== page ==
In quality engineering, making a process robust to noisy input variables is known as “robust parameter design” (RPD). The Japanese industrial engineer Genichi Taguchi pioneered this approach to quality improvement. The basic idea is to configure the controllable (i.e., non-noisy) process factors in such as way to dampen the influence of the noise process variables (e.g., raw material attributes or temperature/pressure fluctuations in the process). A convenient aspect of the predictive distribution approach to design space, and process optimization in general, is that it provides a technically and computationally straightforward way to do RPD. We simply simulate the nose variable distribution (shown in Figures 1 and 2) and then configure the controllable factors (x-points) to increase the probability of meeting the quality specifications. If the controllable factors are able to noticeably dampen down the influence of the noise variables, typically the probability that the quality responses will meet specifications will increase (assuming that the mean responses meet their specifications). See [4], [5], and [10] for RPD examples involving multivariate predictive distributions.

Less well known, however, are two more subtle issues that can cause problems with predictive distributions. These are lurking variables and heavy-tailed distributions.  Process engineers and scientists need to brainstorm and test various possibilities for a change in the process or its inputs that could increase the risk that the predictive distribution is overly optimistic or is not stable over time.

Some predictive distributions may have what are called “heavy tails”. (The degree of “heavy tailedness” is called kurtosis by statisticians.) We need to be careful with such distributions as they are more likely to suddenly produce values far from the center of the distribution, than for a normal (i.e., Gaussian) distribution.

If the process can be simulated on a computer, sensitivity analyses can be done to assess the effect of various shocks to the system or changes to the input or predictive distributions, such as heavier tails. An interesting overview of these two issues and of how quality and risk combine can be found in [11].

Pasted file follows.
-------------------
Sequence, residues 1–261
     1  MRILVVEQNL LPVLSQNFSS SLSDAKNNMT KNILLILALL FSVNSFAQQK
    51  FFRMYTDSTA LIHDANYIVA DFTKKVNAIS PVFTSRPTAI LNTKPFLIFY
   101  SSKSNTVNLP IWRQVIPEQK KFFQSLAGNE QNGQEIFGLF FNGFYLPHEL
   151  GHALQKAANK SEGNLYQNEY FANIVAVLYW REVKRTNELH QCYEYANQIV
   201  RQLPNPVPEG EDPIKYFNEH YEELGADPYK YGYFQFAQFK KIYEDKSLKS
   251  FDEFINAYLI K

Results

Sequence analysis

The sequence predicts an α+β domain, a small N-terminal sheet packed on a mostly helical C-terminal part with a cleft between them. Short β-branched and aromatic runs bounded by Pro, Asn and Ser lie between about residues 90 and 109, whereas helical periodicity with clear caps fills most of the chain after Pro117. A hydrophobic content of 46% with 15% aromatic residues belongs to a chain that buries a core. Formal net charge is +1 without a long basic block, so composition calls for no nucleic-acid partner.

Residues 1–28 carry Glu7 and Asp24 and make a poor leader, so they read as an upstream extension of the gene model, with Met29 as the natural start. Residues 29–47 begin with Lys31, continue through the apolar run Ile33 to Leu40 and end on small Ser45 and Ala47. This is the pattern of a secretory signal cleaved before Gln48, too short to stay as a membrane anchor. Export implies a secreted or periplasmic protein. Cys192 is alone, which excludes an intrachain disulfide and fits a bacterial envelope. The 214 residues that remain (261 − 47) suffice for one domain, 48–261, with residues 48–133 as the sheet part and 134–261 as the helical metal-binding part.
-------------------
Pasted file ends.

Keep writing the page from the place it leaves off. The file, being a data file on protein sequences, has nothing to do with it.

In conclusion, the ability to understand randomness and think stochastically is important as multivariate random variation pervades all complex production processes. Given that we are forced to deal with randomness (in multivariate form, no less), Monte Carlo simulation has become a useful way to gain some insight into the combined effects of controllable and random effects present in a complex production process. (Interested readers may want to visit The American Society for Quality’s web site on Probabilistic Technology available at Computer simulation can help our intuition for understanding stochastic processes. Such intuition in humans is not always on the mark.  We can all be fooled by randomness. See for example the book by Taleb [12].

1. ICH (2005). “ICH Harmonized Tripartite Guideline: Pharmaceutical Development, Q8.”

2. Peterson, J. J. Snee, R. D., McAllister, P.R., Schofield, T. L., and Carella, A. J., (2009) “Statistics in the Pharmaceutical Development and Manufacturing” (with discussion),  Journal of Quality Technology, 41, 111-147.

3. Peterson, J. J. (2004), “A Posterior Predictive Approach to Multiple Response Surface Optimization”, Journal of Quality Technology, 36, 139-153.

4. Del Castillo, E. (2007), Process Optimization: A Statistical Approach, Springer, N.Y.

5. Peterson, J. J. (2008), “A Bayesian Approach to the ICH Q8 Definition of Design Space”, Journal of Biopharmaceutical Statistics, 18, 959-975.

6. Davison, C. and Hinkley, D.V. (1997), Bootstrap Methods and Their Application, Cambridge University Press, Cambridge, UK.

7. Stockdale, G. W. and Cheng, A. (2009), “Finding Design Space and a Reliable Operating Region using a Multivariate Bayesian Approach with Experimental Design”, Quality Technology and Quantitative Management, (to appear).

8. Perry, L. A., Montgomergy, D.C., and Fowler, J. W. (2002), “Partition Experimental Designs for Sequential Processes: Part II – Second Order Models”, Quality and Reliability Engineering International, 18, 373-382.

9. Claycamp, H. G. (2008). “Room for Probability in ICH Q9: Quality Risk Management”, Institute of Validation Technology conference: Pharmaceutical Statistics 2008 Confronting Controversy, March 18-19, Arlington, VA

10. Miro-Quesada, G., del Castillo, E., and Peterson, J.J., (2004) “A Bayesian Approach for Multiple Response Surface Optimization in the Presence of Noise Variables”, Journal of Applied Statistics, 31, 251-270

11. Kenett, Ron S  and Tapiero, Charles S. (2009),”Quality, Risk and the Taleb Quadrants” presented at the IBM Quality & Productivity Research Conference, June 3rd, 2009.  Available at SSRN:

12. Taleb, Nassim (2008) Fooled by Randomness: The Hidden Role of Chance in Life and in the Markets, Random House, New York.

/////// ICH Q8 Design Space,  Multivariate Predictive Distribution,QA,  design space, Parametric bootstrapping, complement Bayesian methods.

QbD Sitagliptin


Image result for sitagliptin qbd

Application of On-Line NIR for Process Control during the Manufacture of Sitagliptin

Global Science, Technology and Commercialization, Merck Sharp & Dohme Corporation P.O. Box 2000, Rahway, New Jersey 07065, United States
Org. Process Res. Dev., 2016, 20 (3), pp 653–660
DOI: 10.1021/acs.oprd.5b00409
Publication Date (Web): February 12, 2016
Copyright © 2016 American Chemical Society